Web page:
I asked the Rubensons to enlarge upon their Jewish lives in Julian. Marge said that they didn't particularly practice Judaism in Julian, but it turned out she meant that in a formal "go to synagogue" sense — which would be quite difficult, given that there are no synagogues in Julian.

However, the doorposts of the Rubenson home bear mezuzot, they have hosted several Shabbatons for Congregation Beth Israel, to which they belong, and they even once transformed their apple and pear farm into a "model kibbutz" at which fifth and sixth grade students picked fruit, sorted it and then distributed it to needy people at St. Vincent de Paul Village in San Diego.

Farming is hard work, the children learned. Earning money from agriculture is difficult, almost impossible, except for large corporate farmers, Joe observed.

"After 18 years of looking after this orchard with the help of local people, I have come to the great truth about the difference between the American farmer and a pigeon," he quipped. "A pigeon can still make a deposit on a John Deere [tractor]."

The Rubensons were joined on their enclosed patio for Thai tea by Sandra Dijkstra, a literary agent who lives during the week in Del Mar, and her husband, Bram, a Netherlands-born professor of literature and student of art. I asked the group if, before acquiring weekend places in Julian, they had worried about possibly encountering anti-Semitism so far from the urban

"It flashed through my mind, but I figured I could handle it," Joe responded.

"I donąt observe any anti-Semitism in this community," Marge commented. "I do observe disagreement about the size of land; there is a tremendous furor about how large a lot should be. Should we have 20 acres, 40 acres or 80 acres? The growth issue is the predominant issue because what we have here is a jewel— it really is. The people here don't want what Poway has, or what is happening in Ramona."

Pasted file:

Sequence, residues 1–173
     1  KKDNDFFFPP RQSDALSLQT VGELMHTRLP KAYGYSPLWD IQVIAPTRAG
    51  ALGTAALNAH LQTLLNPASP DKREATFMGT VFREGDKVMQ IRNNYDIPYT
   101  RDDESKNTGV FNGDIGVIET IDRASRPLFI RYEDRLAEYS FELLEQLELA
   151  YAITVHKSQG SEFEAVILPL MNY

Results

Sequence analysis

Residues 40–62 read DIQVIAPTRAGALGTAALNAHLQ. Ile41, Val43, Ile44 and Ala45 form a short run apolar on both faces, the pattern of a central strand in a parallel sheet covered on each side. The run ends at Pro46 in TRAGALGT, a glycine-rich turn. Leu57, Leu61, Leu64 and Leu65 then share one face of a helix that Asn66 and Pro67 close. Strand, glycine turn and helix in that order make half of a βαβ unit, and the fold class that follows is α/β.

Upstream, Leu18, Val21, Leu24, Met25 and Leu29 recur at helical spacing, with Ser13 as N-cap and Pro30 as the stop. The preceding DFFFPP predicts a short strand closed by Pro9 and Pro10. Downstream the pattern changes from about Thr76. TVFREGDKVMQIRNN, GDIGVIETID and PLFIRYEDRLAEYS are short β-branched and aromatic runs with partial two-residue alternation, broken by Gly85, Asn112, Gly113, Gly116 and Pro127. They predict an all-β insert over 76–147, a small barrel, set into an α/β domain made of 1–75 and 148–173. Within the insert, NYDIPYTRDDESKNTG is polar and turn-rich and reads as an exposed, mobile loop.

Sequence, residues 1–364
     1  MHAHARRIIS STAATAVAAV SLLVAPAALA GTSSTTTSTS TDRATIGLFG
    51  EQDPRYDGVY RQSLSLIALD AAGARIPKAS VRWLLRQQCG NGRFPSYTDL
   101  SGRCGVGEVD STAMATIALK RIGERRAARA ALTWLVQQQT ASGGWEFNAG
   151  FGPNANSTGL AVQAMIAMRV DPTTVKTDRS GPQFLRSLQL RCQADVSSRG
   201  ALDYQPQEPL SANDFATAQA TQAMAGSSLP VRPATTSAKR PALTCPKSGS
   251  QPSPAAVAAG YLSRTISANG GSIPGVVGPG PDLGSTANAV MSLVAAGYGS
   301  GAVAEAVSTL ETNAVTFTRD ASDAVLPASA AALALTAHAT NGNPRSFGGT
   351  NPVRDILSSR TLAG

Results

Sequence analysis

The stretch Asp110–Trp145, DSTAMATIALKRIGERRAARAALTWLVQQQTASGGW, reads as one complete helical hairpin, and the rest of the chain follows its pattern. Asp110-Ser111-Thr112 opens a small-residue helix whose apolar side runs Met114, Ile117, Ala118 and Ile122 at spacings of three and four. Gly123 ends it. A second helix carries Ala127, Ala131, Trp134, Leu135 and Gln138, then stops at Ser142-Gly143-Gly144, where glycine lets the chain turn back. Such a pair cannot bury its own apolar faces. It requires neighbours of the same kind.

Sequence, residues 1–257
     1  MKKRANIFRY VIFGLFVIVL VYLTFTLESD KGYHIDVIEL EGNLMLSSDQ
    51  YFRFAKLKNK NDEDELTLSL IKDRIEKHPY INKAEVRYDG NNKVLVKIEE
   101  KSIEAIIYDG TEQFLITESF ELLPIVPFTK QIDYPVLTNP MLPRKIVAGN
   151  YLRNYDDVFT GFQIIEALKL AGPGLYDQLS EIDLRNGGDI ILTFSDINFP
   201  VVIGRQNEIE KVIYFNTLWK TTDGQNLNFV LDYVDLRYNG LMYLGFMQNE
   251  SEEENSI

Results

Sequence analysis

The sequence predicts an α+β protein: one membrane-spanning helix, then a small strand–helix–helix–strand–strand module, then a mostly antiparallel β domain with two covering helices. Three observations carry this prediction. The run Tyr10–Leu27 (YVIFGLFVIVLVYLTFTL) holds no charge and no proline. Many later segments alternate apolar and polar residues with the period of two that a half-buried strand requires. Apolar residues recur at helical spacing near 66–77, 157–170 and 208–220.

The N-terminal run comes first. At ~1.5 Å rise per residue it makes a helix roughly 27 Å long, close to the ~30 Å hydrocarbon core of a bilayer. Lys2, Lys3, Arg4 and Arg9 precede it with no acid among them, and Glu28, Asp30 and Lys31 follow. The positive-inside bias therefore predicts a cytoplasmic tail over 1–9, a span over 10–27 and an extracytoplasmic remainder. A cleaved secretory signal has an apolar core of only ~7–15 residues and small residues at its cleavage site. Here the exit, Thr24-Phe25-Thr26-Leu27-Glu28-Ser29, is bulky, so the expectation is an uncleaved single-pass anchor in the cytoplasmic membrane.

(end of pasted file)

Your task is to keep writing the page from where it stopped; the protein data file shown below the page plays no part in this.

"We met the Rubensons very quickly, so we were very lucky," said Sandra, the Jewish half of the Dijkstra couple. "There was a Jewish safety net."

Sandra commented that she and Bram "donąt have children and it would be interesting to know of a family who has a Jewish child and how that child would be treated in school. This is by and large a WASP (White, Anglo-Saxon Protestant) community, but it also is a California community. That makes a difference. ... Californians tend to be more tolerant of differences, yet
there is still that question. I think that there are people here who would never have seen a Jew nor would know what a Jew looks like."

"I think people who come here fall in love with it, and stay here," commented Marge. "I hadnąt thought much about the Jewish community in Julian. We use this place as a retreat; it serves our needs beautifully and we share it, but when you raised the point, I began to think of all the
people I know in Julian who are Jewish. We have a core group much larger than I dreamt it was."

Bram, whose recently-published American Expressionism: Art and Social Change, 1920-1950 deals extensively with Jewish artists and reformers, suggested that in moving to places like Julian, where residents seem to reach out to each other, some Jews may be expressing a yearning for the close-knit Jewish communities of the immigrant generation.

"I think that where Jews are focused here is on the arts, and where you find the community spirit is in preserving Volcan Mountain, and preserving the beauty of Julian and building a library," Marge said. "These kinds of community projects don't have a Jewish label on them, but they do express Jewish values."

One member of the Jewish community who lives full-time in Julian and who is "very bright" is Richie Caputo, who serves on Julian's planning committee, Marge noted.

Winicki, another full-time resident, moved to Julian about three and a half years ago from Leucadia, where she had lived for 22 years. She had been a
founding member of Temple Solel in Encinitas.

During a telephone interview, Winicki described Julian as a "music, art and literary community— a wonderful place for intriguing people." Her own project is her home, Heart Rock Cottage, in and around which she has incorporated her collections of rocks and sea glass.

Winicki purchased her home after Joe Fisch and Joyce Axelrod, active members of the San Diego Jewish community, subdivided some of their property and sold her a one-acre lot. "Beautiful areas like Laguna Beach or Carmel or Julian tend to draw artistic types, including Jews," Winicki said.

Occasionally, Winicki drives down the winding mountain road to Ramona to attend services at Congregation Etz Chaim, a small Reform congregation that meets in people's homes or at community centers.

"We also gather for seders, dinners and so on," she said. "Jews find Jews."